The facility provides cleaner, and more reliable and cost-effective energy, compared with coal and other petroleum products.
At the launch, CEO Andri Hugo said the facility would play a significant role in helping to unlock South Africa’s power constraints, while also reducing carbon intensity.
“South Africa is a coal-based economy with about 77% of electricity generated from coal and a large portion of transportation fuels derived from the same source. Add to that the large percentage of industrial processes that use coal and you have an entire industrial sector built around cheap coal and electricity.
“But we depend heavily on imported resources for our hydrocarbon supply and this has resulted in exposure to international energy supply uncertainty, issues of reliability and price volatility,” he pointed out.
He added that although South Africa’s gas market is small, accounting for only 3% of the energy mix, the inherent benefits have the potential to change the economy by stimulating economic growth, development stability and job creation.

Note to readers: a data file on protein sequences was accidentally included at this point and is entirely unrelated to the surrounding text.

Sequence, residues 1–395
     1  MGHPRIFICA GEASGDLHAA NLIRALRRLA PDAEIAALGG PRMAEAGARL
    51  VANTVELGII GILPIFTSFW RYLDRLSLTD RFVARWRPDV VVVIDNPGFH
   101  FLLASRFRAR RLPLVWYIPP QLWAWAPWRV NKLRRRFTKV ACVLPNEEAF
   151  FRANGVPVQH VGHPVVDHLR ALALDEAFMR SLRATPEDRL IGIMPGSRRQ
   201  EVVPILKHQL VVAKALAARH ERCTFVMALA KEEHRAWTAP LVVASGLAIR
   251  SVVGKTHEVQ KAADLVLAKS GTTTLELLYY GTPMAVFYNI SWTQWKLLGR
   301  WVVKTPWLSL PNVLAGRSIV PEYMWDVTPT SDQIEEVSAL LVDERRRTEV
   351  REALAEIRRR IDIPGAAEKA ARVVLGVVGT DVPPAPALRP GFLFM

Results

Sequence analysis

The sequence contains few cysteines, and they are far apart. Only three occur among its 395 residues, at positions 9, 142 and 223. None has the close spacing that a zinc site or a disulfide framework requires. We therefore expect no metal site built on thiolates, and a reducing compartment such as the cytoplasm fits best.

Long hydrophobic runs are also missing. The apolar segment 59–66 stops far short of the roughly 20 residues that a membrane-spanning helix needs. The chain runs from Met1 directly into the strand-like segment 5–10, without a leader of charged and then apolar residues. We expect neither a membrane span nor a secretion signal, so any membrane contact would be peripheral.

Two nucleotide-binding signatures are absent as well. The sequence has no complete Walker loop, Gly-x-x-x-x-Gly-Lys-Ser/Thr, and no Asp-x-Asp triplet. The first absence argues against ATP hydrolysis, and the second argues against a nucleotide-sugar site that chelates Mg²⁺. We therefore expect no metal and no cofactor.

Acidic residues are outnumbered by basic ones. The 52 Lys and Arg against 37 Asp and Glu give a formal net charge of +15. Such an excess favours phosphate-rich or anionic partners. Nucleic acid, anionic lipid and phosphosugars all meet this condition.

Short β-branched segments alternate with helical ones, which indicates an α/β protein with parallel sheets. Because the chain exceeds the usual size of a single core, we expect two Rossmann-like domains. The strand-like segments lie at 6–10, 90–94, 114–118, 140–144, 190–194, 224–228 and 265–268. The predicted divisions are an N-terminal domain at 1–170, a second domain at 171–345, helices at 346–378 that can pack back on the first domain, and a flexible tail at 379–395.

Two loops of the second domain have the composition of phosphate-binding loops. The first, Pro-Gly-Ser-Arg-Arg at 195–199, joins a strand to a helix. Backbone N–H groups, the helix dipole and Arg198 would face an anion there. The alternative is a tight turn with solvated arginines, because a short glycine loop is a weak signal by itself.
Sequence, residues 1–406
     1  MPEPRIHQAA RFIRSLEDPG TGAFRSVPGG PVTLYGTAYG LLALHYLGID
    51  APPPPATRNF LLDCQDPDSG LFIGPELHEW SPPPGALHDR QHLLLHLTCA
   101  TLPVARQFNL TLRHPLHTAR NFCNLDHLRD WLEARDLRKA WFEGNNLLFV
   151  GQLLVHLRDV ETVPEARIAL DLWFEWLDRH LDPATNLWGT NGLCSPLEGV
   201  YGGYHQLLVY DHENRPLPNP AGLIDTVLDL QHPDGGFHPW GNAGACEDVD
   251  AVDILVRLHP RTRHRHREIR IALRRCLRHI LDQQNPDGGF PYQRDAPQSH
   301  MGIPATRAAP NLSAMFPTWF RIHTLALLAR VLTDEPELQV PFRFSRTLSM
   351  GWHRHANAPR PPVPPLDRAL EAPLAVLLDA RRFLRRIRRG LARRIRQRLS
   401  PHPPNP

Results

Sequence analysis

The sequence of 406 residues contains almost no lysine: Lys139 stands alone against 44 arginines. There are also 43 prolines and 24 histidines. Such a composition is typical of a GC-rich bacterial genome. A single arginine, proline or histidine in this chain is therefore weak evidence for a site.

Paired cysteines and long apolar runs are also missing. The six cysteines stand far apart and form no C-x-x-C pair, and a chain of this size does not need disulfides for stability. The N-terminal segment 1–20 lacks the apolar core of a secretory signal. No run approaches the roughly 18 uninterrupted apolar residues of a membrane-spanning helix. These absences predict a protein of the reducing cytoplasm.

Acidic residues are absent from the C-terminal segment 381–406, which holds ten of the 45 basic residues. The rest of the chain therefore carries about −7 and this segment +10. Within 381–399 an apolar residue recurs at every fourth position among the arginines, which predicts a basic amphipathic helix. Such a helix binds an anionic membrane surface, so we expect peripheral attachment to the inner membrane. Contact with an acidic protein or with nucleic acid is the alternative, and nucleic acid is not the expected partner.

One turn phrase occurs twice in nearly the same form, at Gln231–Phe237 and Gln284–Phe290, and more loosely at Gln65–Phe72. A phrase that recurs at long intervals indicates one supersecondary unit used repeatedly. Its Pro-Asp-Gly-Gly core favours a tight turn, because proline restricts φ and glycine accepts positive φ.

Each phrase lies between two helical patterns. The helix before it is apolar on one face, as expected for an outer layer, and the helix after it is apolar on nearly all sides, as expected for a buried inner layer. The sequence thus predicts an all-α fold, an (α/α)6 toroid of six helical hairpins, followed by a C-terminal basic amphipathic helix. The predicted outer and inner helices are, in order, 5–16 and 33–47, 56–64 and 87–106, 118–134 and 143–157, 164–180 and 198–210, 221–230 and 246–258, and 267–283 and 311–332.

“Africa has been blessed with an abundance of resources, including minerals, energy, natural resources and human capital. A combination of these, through industrial activity, can address most of the socioeconomic challenges we face.
Novo business development manager Justin Austin, meanwhile, said natural gas was the simplest hydrocarbon available, making it suitable as a feedstock for fertilisers, plastics and energy applications.
Natural gas can also be used as a heating fuel for industrial, commercial and residential applications, steam generation and direct heating applications, natural gas-run vehicles and power generation, he pointed out.
The eMalahleni gas compression station is Novo’s thirteenth – and its largest – such facility.
Austin said the most important application for natural gas going forward would be for power generation in remote locations, especially for remote mines that do not have grid accessibility and are using diesel as an energy source.